Toward the end of last week, state agency heads started getting word from the Jindal administration about the budgets their agencies can expect next fiscal year.
The word isn’t good.
The Jindal administration is talking about cutting up to $300 million from state support to colleges and universities — that calculates to about $1 billion in higher ed reductions since Gov. Bobby Jindal took office in 2008 — and hacking another $200 million or so from health care. State agencies are looking at 15 percent to 20 percent removed from their budgets, which could translate into furloughs and reduced services.
“It’s going to be bad,” said state Rep. Patricia Smith, D-Baton Rouge, a member of the House Appropriations Committee, which will grapple with the budget proposal that Jindal is required to submit next month. Legislators take the governor’s proposition, tweak it some, argue about it a lot, then in about six months, pass pretty much the same plan into a law, authorizing government to spend the money starting July 1.
Smith’s disappointed that Jindal won’t come off his position against raising taxes or eliminating tax credits to fill a budget deficit that could be $1.4 billion or $1.7 billion or even $2 billion, depending on who you talk to. “We’re going to end up placing fees and all kinds of things on ordinary citizens, just so” Jindal can say on the presidential campaign trail that he didn’t raise taxes, she said.
For years, Legislatures and the governors with whom they serve cobble together operating budgets based on resources that might not be available the following year. They sweep up money raised by agencies. They run found dollars, like from legal settlements, through various funds to circumvent the legal prohibitions against using one-time money on expenses that recur year after year. They formulate all sorts of maneuvers to make up the shortage of revenues.
Then, everyone sits back and hopes that revenue picture starts looking better.
But after years of coming up short — and doing all manner of financial hocus pocus to balance the budgets — the options this time are far fewer, says Jan Moller, director of the liberal-leaning Louisiana Budget Project, which researches tax policies.
The price of oil, as low as the prices are projected to be over the next year, doesn’t look likely to save the day. The little pools of money scattered around state government have pretty much dried up and all the agencies have been cut several times already, Moller said.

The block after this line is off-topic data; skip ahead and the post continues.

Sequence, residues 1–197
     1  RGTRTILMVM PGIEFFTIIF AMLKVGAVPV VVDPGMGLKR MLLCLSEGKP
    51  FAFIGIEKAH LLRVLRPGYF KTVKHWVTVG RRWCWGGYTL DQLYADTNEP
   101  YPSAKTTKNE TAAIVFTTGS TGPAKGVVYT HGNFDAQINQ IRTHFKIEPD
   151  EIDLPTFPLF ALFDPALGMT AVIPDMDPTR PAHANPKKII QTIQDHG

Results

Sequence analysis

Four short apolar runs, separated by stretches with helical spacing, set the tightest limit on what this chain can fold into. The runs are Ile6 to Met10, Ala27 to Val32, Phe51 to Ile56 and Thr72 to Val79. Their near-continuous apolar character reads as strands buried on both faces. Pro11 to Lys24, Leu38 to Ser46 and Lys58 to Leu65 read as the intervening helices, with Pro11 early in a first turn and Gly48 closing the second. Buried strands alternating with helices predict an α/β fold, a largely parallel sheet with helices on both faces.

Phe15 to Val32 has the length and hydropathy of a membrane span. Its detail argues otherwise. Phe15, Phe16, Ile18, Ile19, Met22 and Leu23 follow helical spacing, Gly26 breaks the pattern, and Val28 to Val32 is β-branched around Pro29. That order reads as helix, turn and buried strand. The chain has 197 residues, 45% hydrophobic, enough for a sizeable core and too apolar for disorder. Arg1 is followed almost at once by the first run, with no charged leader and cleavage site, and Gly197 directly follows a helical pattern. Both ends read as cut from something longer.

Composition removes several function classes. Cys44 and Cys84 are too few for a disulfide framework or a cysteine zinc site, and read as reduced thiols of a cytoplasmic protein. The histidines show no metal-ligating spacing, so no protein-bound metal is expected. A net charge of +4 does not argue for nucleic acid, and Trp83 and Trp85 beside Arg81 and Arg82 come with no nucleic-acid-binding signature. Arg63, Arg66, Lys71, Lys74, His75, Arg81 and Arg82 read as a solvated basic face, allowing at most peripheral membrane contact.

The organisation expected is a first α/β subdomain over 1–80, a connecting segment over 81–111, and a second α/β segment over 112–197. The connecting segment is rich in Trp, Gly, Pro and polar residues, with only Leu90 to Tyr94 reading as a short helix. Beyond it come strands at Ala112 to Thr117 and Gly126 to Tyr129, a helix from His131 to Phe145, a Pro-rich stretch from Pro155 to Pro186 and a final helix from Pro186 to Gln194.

“They’re going to try to mitigate whatever they can for higher education and for health care, too,” said Barry Erwin, head of Council for a Better Louisiana, another member-funded policy advocacy organization.
The entertaining antics, for which Louisiana’s Legislature is famous, ought to be kept to a minimum. “The message really needs to be that our Legislature really needs to focus on this budget situation and manage it in whatever fashion we can to get through this,” Erwin said.
To fill the gap, the administration’s budget officials and legislators might tap into the rainy day fund, as they have a couple of times in the past few years. There’s talk of suspending tax exemptions, but that’s also fraught with legal issues, as well as political ones.
Maybe even another tax amnesty — that would mean four of them in the eight years Jindal has been governor — could raise immediate money from people and corporations who haven’t paid their taxes.
House Speaker Chuck Kleckley reportedly counseled patience to Blueprint Louisiana, an advocacy group of businessmen and professionals. Any effort to systemically restructure Louisiana’s budgeting process, which would address revenue issues long term, realistically has to wait for the elections later this year that would choose a new governor and new legislators.
Three of the four candidates for governor said Friday that, if elected, they would call a special session soon after taking office in 2016 to take care of these systematic budget issues.
In the meantime, the budget game for 2015 is beginning, said Robert Scott, who heads the Louisiana Public Affairs Research Council, a membership-funded policy research group.
If history provides any guide, then the first phase is to scare everyone with the possibility of shutting down institutions and laying off employees, Scott said. Then, with everyone terrified, some of the ideas that under normal circumstances should be ignored suddenly become viable.
“The level of anxiety is higher this year than in the past,” Scott said. “Long-term solutions, a better structure, that’s the way to go. But I think what you’ll end up with will be some fixes to get by for this budget. But I’d like to be proven wrong. Please prove me wrong.”
Mark Ballard is editor of The Advocate Capitol news bureau. His email address is firstname.lastname@example.org.
and is on Twitter @MarkBallardCNB.